of the time I'm using reference counted pointers, it's for
    "agent" classes, with no data members (except for the implicit
    vptr).

    > And better not copy shared_ptrs in a tight inner loop which requires
    > extreme speed...


    I don't think that the difference will normally be that great.

    The one case there might be a significant difference is if the
    compiler will return (and pass) class types which fit in a
    single register in registers. An invasive pointer will
    typically fit in a single register, a non-invasive one won't.
    But while this optimization has often been discussed, I don't
    know of a single compiler which will do it (unless the class
    type is a POD, but no reference counted pointer will be a POD).
    So it's rather accademic.

    --
    James Kanze (GABI Software) email:
    Conseils en informatique orientée objet/
    Beratung in objektorientierter Datenverarbeitung
    9 place Sémard, 78210 St.-Cyr-l'École, France, +33 (0)1 30 23 00 34
     
    James Kanze, Nov 29, 2007
    #6
  7. Pete Becker Guest

    On 2007-11-29 05:16:00 -0500, James Kanze <> said:

    >
    > That doesn't match up with my measurements. On my 32-bits
    > systems, alignment considerations mean that the counter itself
    > ends up requiring 8 bytes, so my invasive reference counted
    > pointers require a total of n*4+8 bytes for each object (where n
    > is the number of pointers to that object). I think
    > boost::shared_ptr requires more,


    It does, because it does more. std::tr1::shared_ptr<T> traffics in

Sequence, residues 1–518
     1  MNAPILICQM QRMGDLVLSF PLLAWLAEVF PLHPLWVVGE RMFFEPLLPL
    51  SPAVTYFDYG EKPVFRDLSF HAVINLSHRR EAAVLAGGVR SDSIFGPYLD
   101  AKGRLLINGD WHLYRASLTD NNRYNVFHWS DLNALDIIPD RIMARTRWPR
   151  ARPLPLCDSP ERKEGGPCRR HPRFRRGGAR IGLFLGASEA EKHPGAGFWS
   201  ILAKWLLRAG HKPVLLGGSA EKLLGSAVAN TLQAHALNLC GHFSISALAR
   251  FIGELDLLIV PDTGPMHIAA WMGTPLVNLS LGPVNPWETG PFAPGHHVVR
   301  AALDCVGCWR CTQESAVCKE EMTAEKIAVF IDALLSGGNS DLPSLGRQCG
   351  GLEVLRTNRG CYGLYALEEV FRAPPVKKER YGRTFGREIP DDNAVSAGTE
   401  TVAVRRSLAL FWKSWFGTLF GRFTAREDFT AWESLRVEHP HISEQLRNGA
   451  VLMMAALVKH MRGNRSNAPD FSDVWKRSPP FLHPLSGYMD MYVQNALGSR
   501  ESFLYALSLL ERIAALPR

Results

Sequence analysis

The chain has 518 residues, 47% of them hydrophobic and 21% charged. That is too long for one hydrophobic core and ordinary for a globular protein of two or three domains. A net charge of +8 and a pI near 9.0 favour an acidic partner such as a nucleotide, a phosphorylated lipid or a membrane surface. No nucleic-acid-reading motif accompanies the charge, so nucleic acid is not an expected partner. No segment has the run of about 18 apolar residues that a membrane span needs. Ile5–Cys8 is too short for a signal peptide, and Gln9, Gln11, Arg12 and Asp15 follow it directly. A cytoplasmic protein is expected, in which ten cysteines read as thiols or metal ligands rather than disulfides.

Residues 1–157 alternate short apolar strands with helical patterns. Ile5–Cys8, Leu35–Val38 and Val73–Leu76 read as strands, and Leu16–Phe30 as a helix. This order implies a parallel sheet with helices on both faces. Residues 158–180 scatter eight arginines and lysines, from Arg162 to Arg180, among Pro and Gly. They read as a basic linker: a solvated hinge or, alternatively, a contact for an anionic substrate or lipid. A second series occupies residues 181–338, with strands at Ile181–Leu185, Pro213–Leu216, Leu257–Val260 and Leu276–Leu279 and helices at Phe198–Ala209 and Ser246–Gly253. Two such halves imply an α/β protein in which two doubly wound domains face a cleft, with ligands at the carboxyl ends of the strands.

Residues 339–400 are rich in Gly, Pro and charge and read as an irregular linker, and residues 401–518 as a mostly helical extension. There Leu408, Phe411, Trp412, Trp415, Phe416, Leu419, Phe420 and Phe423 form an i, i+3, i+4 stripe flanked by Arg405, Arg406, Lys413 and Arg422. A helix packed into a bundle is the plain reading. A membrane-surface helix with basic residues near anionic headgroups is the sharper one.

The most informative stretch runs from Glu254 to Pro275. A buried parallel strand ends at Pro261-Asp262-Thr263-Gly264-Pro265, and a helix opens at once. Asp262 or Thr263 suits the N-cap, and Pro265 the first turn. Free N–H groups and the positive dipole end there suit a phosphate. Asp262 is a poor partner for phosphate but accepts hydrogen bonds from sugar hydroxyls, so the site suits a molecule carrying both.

T*'s, but the control block holds a copy of the pointer that was passed
    to the constructor, which can point to an object of a type derived from
    T. It also holds an optional deleter, whose type and, therefore, size
    is up to the user.

    --
    Pete
    Roundhouse Consulting, Ltd. (www.versatilecoding.com) Author of "The
    Standard C++ Library Extensions: a Tutorial and Reference
    (www.petebecker.com/tr1book)
     
    Pete Becker, Nov 29, 2007
    #7
  8. James Kanze wrote:
    > On the other hand, they are invasive;
    > the object being pointed to must know about them (typically be
    > deriving from a common base class---virtually, if the hierarchy
    > is open). Which means no reference counted pointers to existing
    > classes, nor to non-class types. For a "standard" pointer,
    > that's pretty much a killer exclusion.


    I wonder if the language couldn't be enhanced so that you can allocate
    existing objects and non-class types in such a way that the compiler
    will internally make the allocation larger by sizeof reference counter
    and then a special internal shared pointer can be used to manage objects
    of this type.

    Perhaps something like:

    shared SomeClass* ptr = shared_new SomeClass();

    That 'ptr' would be of the same size as a regular pointer. The memory
    amount allocated by 'shared_new' would be sizeof(size_t) (or whatever)
    larger than the memory allocated by the equivalent 'new'.

    The semantics could perhaps be so that these would be erroneous:

    shared SomeClass* ptr = new SomeClass(); // error
    SomeClass* ptr = shared_new SomeClass(); // error

    shared SomeClass* ptr = shared_new SomeClass();
    shared SomeClass* ptr2 = ptr; // Ok
    SomeClass* ptr3 = ptr; // error

    SomeClass* ptr = new SomeClass();
    shared SomeClass* ptr2 = ptr; // error

    >> This can become a major issue if you are, for example, creating an
    >> array of millions of shared_ptrs.

    >
    > Yes, but is there ever any reason to have a container of
    > shared_ptr?


    For example if you want a vector containing different types of objects
    (which all have been derived from a common base class) and want the
    memory taken by those objects be managed.
     
    Juha Nieminen, Nov 29, 2007
    #8